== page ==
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I’ll be honest with you: of all the social media that I participate in, blogging is the hardest. There’s a couple of reasons for this. First off, blogging takes more time than anything else. It’s a five-minute job for me to create a new Facebook event, or update it with the latest review. It takes me 30 seconds to Twitter. But blogging is a time commitment of about 2-5 hours per week, if you want to be consistent and build up a following.

Secondly, there’s the problem of inspiration. If you have a niche arts blog, it can sometimes be very difficult to come up with 2-3 new posts per week, even if those posts are short. I have to admit, sometimes my inspiration well is can be pretty dry.

Well, help is at hand. Marianne Devine writes a great blog called smArts and Culture, and like me, she’s dedicated to helping artists to market their work. She has a brand-new 10-week course to help you start a blog, or breathe new life into your existing one. It’s called Arts Blogging–Without the Angst.

It’s available now, and if you use this code ARTOFTHEBIZ, you will get a 30% disount. Check it out–I highly recommend it!

UPDATE: The discount ends August 15, so get a move on!

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How to be a better blogger June 5, 2009

Filed under: Blogging — Rebecca Coleman @ 12:27 am
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Ah, hindsight, how I love you.

This post is my 100th.

I started blogging as The Art of the Business in January, 2008, as a regular, monthly contributor to The Next Stage.

Funny thing about launching a blog. It’s not hard to do. Pick a topic, pick a name, pick a platform (I’m WordPress through to my core), and go. What’s hard is finding your voice, and sustaining it.

I don’t know if I can help you find your voice. Eight months after launching my blog, and committing to (mostly) 3 posts a week, I am still very much finding my voice. I started out writing about tips and tricks for marketing your theatre production or art practice, but have often written about social media, specifically in the context of marketing. My most popular posts to date involve Twitter, and the loss of the mainstream media (and some ideas about what to do about it).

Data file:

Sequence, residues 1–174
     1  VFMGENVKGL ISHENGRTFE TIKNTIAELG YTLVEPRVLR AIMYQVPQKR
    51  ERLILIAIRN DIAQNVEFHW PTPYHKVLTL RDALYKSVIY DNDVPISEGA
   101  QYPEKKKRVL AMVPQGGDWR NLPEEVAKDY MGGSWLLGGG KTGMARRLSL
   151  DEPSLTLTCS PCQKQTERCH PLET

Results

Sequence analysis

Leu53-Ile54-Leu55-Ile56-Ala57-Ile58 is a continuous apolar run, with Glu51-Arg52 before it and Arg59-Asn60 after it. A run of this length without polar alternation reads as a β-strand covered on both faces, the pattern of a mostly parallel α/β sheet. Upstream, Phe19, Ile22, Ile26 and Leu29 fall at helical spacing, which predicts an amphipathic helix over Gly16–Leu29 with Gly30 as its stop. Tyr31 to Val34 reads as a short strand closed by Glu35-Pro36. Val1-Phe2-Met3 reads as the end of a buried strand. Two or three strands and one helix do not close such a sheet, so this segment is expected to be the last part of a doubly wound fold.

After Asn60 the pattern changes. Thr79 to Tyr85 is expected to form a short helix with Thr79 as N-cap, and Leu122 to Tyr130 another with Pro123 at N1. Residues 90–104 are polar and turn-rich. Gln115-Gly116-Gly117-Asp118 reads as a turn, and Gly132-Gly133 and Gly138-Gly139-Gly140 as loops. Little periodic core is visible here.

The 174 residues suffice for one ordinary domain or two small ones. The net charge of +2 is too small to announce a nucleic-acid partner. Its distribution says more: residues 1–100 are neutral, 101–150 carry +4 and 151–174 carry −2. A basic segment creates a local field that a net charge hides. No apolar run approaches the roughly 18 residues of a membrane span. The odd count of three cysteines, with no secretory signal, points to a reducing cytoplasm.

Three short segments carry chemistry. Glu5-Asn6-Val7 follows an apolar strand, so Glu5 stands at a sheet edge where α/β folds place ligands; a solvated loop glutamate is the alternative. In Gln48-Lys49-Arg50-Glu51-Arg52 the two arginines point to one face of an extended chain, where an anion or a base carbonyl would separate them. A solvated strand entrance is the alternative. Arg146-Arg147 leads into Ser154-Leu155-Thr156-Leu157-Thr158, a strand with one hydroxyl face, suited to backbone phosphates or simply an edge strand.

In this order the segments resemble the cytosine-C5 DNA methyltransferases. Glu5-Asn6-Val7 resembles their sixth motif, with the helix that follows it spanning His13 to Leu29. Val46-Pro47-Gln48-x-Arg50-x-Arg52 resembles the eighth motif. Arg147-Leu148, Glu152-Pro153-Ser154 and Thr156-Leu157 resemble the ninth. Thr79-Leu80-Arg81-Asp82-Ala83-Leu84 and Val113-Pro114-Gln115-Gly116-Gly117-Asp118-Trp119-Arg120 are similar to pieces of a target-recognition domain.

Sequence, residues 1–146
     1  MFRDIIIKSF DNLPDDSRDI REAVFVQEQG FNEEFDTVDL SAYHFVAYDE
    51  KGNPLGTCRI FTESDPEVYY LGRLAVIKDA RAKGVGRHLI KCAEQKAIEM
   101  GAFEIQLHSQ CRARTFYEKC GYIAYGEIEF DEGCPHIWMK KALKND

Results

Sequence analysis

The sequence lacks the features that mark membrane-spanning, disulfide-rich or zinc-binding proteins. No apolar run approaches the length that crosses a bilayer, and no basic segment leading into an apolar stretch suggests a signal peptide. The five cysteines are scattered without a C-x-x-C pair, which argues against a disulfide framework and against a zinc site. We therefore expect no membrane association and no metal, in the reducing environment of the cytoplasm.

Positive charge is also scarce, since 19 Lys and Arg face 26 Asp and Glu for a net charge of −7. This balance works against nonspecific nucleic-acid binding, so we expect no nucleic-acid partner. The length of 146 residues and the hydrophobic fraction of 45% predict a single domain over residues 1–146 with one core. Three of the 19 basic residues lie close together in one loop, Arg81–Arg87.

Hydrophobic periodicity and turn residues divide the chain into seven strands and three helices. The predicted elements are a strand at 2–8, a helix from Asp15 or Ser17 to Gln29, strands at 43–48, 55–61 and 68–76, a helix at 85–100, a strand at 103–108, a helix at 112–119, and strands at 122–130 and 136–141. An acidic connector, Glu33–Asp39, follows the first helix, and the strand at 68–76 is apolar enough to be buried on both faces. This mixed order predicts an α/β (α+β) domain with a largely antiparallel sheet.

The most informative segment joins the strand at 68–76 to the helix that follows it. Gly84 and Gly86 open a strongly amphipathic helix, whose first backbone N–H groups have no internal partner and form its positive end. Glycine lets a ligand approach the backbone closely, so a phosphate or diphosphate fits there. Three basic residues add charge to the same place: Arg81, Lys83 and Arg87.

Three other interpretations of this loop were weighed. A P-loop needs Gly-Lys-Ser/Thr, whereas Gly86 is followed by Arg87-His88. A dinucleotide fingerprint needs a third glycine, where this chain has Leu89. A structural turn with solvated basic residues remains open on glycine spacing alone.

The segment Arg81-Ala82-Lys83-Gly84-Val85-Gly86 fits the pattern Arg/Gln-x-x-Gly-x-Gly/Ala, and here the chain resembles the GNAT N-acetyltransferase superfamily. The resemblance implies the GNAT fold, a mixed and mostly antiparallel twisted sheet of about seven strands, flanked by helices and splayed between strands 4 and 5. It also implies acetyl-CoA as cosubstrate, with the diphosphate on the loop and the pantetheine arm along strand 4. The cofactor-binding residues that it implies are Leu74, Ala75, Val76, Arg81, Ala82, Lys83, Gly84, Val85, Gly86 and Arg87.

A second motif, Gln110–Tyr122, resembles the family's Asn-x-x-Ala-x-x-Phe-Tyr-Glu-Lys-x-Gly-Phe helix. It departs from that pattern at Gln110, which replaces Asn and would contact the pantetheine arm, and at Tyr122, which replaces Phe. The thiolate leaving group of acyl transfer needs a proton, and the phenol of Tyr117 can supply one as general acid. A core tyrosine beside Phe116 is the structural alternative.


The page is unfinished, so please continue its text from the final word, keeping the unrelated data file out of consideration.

As I continue to blog, I’m sure my voice will grow and change–it’s just inevitable.

I feel like I am in a bit of a reassessment phase right now with my blog. I’ve been doing it for a while, and  I’ve established a readership. Things, in other words, are cooking along as they should. But there’s always room for improvement, and it is my intention to reassess my blog over the coming weeks, and start to make (hopefully, positive!) changes.

Let me share a couple of really wonderful resources I’ve found recently on blogging that might help you to do the same, if you are so inclined (or to finally take the plunge and start that blog).

ProBlogger is an an amazing resource. Recently, Darren Rowse, who is THE dude at ProBlogger, started and ran a challenge called 31 Days to a Building a Better Blog. Really good stuff–concrete, lots of practical advice and exercises. And now that I have a bit of spare time, my plan is to go back and walk through the course. You can do the same, or you could just buy the e-workbook (it’s a steal at $19.95).

You know how I’m always harping on about how you need a plan for blogging? How you need to post consistently? Andy Wibbells shared this lovely spreadsheet/blogging plan the other day. I’ve downloaded it to my desktop for future use.

Finally, I want to ask your opinion (which is clearly much more important than mine). What kind of posts would you like to see in the future on The Art of the Business? Which ones were your favorites? Should I update something?

The comment section awaits with bated breath…